Treg depletion inhibits early but promotes late tumor growth
Next, we asked 1) whether long-term Treg depletion suppressed tumor growth and 2) whether 0.5 mg CY dose resulted in a better outcome than 0.25 mg CY, considering that 0.5 mg CY had a stronger Treg depletion efficiency (Fig. 1A). Mice were s.c. inoculated with H22 tumor cells and then daily i.p. injected with 0.25 or 0.5 mg CY from day 1 to day 25. We found that both doses of CY treatment inhibited tumor growth (Fig. 2A). However, although having a better Treg depletion efficiency, 0.5 mg CY treatment did not result in a better suppression of tumor growth. Surprisingly, if we compared the two groups of 0.5 and 0.25 mg CY, we found that during the first 15 d, 0.5 mg CY showed a more inhibitory effect; thereafter, 0.25 mg CY showed a better antitumor effect (Fig. 2A). This phenomenon could not be explained by the direct pharmacological activity of CY. CY is a prodrug subject to a series of biological activation steps necessary for its cytotoxic effect. Thus, we took the blood plasma from CY-treated tumor-bearing mice at different time points to culture H22 cells for 48 h. We found that plasma from 0.5 mg CY-treated mice had no effect on H22 cell growth (Fig. 2B) or cell death by trypan blue staining (data not shown). Differently, plasma from high-dose CY (2 mg)-treated mice inhibited H22 cell proliferation (Fig. 2B) and induced tumor cell death as examined by trypan blue staining (data not shown).
To ask why a more efficient Treg depletion at 0.5 mg CY treatment did not result in a better tumor suppression as expected, we daily injected mice with 0.25 or 0.5 mg CY for a shorter period of 16 d. We chose this time point because compared with 0.25 mg CY, 0.5 mg CY treatment accelerated tumor growth after 16 d (Fig. 2A). Surprisingly, we found that further CY injection after 16 d promoted instead of inhibited tumor growth, which was more evident in the 0.5 mg CY group (Fig. 2C). Because 0.5 mg CY treatment had no effect on effector T cells and no pharmacological activity on tumor cells (Fig. 1D and Fig. 2B), this tumor-promoting effect might have been due to Treg depletion by CY treatment. Namely, Tregs might have an inhibitory effect on tumor growth. We then used nude mice to validate this idea, as Treg cells are deficient in those mice. We inoculated H22 tumor cells to BALB/c nude mice and treated the mice with 0.5 mg CY from day 1 to day 25 and found that such 0.5 mg CY treatment had no effect on tumor growth in nude mice (Fig. 2D). However, we also used anti-CD25 Ab to deplete Tregs in vivo, as the IL-2R α-chain molecule CD25 is expressed on Tregs and has been used as a target for Treg depletion (24). Consistently, by using anti-CD25 Ab to further deplete Tregs after 16 consecutive days of 0.5 mg CY injection, we observed the accelerated tumor growth (Fig. 2E). Again, these data together indicate that Tregs may have an inhibitory effect on tumor growth, and as a result, Treg depletion promotes tumor development in late tumor.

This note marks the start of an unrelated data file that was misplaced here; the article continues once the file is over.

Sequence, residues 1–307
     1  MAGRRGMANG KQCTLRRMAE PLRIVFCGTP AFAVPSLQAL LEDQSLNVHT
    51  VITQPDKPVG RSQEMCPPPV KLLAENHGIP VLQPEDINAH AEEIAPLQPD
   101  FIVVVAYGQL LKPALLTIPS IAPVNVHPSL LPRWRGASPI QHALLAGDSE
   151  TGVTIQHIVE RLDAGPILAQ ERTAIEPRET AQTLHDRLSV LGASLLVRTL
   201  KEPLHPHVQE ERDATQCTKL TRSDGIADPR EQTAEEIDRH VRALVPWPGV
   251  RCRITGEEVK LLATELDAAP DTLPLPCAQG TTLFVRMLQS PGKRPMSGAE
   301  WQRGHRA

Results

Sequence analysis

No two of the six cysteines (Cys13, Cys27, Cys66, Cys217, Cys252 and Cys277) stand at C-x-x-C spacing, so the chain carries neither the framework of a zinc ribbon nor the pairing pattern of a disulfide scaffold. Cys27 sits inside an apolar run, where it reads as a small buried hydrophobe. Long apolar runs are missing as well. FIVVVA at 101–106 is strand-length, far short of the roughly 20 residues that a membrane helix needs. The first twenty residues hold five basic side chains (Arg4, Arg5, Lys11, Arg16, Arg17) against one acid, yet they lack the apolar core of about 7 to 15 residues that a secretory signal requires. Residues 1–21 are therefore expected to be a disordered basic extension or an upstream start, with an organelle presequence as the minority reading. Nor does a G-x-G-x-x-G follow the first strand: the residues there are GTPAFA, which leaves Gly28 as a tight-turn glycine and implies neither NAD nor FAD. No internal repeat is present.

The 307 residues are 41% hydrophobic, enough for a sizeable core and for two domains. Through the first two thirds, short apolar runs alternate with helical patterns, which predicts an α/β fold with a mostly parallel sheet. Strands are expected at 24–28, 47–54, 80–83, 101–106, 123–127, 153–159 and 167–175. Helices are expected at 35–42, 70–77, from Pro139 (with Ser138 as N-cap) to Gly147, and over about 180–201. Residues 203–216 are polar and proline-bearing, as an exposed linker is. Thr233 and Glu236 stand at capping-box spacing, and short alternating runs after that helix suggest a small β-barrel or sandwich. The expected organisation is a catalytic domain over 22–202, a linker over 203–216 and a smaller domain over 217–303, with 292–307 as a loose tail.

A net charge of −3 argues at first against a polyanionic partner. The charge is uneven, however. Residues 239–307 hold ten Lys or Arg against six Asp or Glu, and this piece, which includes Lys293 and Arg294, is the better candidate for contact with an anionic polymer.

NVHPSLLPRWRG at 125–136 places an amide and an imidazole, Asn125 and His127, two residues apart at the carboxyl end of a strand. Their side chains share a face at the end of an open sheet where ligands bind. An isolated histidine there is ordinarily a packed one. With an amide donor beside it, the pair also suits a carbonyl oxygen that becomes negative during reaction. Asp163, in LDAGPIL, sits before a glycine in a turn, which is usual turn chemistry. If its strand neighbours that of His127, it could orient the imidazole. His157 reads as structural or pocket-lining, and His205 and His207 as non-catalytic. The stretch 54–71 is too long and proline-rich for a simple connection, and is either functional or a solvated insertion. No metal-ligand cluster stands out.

Treg depletion induces MDSCs in large tumor
The Treg depletion-mediated tumor promotion led us to screen in the tumor microenvironment for those molecules and cells that could be affected by Treg depletion and favor tumor growth. We first tested a panel of inflammation-associated factors, including IFN-γ, IL-6, IL-10, CCL2, TGF-β, iNOS, and arginase 1. Our rationales were 1) Tregs participate in the regulation of inflammation; 2) inflammation is a hallmark of tumorigenesis, which promotes tumor development (13–15); and 3) these factors are involved in tumor inflammation. By using real-time RT-PCR, we found that compared with 16-d depletion, 25-d Treg depletion downregulated the expression of IFN-γ but upregulated IL-6, IL-10, TGF-β, CCL2, iNOS, and arginase 1 (Fig. 3A). The protein levels of these factors, evaluated by ELISA or Western blot (Fig. 3B, 3C), were concordant with the RT-PCR results.